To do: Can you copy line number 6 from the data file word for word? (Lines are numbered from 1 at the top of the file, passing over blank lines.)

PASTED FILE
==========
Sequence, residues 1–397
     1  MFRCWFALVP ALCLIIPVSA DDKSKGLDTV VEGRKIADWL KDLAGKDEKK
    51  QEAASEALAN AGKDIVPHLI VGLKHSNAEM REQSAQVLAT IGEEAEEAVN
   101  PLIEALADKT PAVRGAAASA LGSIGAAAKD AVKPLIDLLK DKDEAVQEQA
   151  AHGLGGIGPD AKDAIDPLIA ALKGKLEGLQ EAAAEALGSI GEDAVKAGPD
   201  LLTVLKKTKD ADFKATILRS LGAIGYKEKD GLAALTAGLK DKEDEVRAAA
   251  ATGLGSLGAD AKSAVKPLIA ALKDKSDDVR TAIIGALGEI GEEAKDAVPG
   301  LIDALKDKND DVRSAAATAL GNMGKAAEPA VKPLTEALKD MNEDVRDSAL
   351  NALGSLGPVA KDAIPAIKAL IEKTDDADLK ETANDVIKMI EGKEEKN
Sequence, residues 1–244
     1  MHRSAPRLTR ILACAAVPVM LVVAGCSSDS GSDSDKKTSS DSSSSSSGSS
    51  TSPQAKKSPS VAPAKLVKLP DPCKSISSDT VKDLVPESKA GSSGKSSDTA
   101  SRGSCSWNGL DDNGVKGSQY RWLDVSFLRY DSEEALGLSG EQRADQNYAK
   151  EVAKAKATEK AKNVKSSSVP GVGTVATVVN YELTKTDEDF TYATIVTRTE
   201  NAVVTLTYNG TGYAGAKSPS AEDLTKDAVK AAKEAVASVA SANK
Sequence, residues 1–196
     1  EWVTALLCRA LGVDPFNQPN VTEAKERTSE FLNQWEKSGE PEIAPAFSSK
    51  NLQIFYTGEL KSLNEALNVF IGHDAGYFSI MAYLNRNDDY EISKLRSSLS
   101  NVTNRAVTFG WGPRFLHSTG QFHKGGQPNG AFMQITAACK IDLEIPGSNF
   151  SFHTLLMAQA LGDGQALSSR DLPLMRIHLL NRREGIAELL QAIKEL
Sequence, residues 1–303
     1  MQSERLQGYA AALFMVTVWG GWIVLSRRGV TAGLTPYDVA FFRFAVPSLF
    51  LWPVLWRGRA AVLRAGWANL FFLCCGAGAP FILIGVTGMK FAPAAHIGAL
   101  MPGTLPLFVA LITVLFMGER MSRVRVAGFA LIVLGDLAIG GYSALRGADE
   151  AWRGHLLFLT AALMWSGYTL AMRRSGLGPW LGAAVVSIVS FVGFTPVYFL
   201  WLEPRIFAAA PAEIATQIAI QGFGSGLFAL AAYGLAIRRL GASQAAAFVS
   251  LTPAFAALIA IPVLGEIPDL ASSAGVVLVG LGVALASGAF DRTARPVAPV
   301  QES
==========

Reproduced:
   201  LLTVLKKTKD ADFKATILRS LGAIGYKEKD GLAALTAGLK DKEDEVRAAA